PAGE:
What about all this? Is there a common thread in how various LE agencies deal with these situations? Myself, I'm thinking I will retire my Colt to the safe and carry something else concealed. Something reliable, replaceable and cheaper than my Colt.

Comments, please?

Major Dad
 

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THIS is exactly why I carry a GLOCK G30, the pistols sold with no pride of ownership included. IF I ever have to use the cops will take it and I'll just go buy another [ actually I do have another one , a G20 ]. It has about as much importance to me as my clawhammer or my snowshovel, all bought for about the same reasons if you think about it.
 

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The agency I retired from just attaches a bar code sticker to a plastic tag placed on the weapon, Officers are not allowed to make a permanent mark on the weapon, back in the late 70's or early 80's an office did scratch his initials etc. onto a weapon, the department ended up paying the owner for the damages so that practice was forbidden.

One other thing that happens to these weapons, they are not stored in the best manner that a gun owner might prefer. They are hung on lock racks but due to the volume of weapons taken in it is common for weapons to be touching each other or bang against one another when weapons are taken in or out of the hold. Also if any tests are to be run on the weapon such as treated for latent fingerprints, chemicals are placed on the weapon that I wouldn't want placed on mine. Also if the weapon is to be tested for ballistics then the weapon will be fired.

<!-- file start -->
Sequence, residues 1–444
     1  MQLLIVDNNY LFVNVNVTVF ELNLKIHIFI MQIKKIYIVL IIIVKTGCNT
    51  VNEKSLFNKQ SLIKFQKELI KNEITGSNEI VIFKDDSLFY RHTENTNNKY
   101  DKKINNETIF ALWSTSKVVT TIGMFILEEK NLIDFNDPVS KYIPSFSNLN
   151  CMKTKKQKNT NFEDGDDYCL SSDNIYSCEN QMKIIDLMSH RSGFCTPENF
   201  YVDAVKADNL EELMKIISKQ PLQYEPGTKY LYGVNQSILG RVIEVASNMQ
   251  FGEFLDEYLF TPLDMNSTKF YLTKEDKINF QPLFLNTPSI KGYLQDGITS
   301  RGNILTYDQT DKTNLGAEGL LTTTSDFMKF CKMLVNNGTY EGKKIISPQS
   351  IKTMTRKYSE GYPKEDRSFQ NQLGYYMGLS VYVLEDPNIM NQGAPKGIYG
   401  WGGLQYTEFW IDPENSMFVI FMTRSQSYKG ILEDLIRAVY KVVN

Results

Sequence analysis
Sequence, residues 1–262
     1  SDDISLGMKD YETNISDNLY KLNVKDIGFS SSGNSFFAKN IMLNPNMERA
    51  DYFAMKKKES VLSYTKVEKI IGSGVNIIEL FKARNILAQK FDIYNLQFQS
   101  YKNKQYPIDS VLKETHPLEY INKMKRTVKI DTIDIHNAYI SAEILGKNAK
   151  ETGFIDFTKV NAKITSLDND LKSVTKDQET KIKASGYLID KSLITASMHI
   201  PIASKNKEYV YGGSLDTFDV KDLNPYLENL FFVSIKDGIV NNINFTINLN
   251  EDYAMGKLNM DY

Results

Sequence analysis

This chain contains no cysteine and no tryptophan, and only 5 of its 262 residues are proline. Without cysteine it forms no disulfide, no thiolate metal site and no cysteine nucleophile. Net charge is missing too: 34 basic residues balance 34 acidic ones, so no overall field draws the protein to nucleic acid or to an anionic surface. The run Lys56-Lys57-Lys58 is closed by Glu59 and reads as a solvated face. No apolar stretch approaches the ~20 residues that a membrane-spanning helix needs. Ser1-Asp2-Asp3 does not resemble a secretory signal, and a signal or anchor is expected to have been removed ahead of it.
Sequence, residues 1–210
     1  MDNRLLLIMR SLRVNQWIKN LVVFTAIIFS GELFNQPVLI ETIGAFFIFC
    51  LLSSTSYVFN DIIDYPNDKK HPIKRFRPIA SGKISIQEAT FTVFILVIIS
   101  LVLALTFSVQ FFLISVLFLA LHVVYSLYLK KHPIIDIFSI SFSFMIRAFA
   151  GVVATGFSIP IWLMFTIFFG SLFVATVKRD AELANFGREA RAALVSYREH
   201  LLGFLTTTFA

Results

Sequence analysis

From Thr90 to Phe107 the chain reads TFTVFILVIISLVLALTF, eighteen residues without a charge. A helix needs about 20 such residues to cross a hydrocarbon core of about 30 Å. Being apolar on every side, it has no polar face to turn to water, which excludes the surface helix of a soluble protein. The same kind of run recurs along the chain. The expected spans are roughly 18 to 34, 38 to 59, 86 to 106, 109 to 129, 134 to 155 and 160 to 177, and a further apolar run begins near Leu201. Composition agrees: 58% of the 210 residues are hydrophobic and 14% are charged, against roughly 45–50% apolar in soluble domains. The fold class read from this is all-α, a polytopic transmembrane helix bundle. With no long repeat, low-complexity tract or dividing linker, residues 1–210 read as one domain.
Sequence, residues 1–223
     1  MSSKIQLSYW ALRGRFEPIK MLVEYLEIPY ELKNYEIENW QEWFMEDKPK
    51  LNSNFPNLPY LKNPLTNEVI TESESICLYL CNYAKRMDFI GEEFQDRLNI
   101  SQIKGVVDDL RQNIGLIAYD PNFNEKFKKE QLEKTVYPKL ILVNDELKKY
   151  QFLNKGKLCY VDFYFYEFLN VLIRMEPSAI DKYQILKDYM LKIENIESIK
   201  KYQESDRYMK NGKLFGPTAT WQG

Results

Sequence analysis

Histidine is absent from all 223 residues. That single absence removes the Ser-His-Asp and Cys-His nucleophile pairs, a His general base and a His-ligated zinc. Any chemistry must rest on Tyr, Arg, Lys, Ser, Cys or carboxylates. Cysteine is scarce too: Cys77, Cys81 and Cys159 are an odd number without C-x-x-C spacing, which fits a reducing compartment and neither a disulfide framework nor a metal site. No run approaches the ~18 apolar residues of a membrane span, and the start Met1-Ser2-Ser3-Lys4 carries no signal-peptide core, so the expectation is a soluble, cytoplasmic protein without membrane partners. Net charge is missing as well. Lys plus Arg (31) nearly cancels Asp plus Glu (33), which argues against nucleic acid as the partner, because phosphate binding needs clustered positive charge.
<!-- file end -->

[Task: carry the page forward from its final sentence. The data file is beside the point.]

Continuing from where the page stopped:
My department would return weapons to the owner once the matter was resolved and the owner was still legally allowed to own it. If they were not they can obtained the necessary paper work to have the weapon transferred to someone else.

Weapons not claimed are cut up into pieces and then scrapped.

All in all I would prefer if I had a weapon held it be something I was not emotionally attached to. In a perfect world it would be great if the weapons were treated properly but you have to remember the amount of evidence that a police department takes in a year, the storage space required and the testing that is required.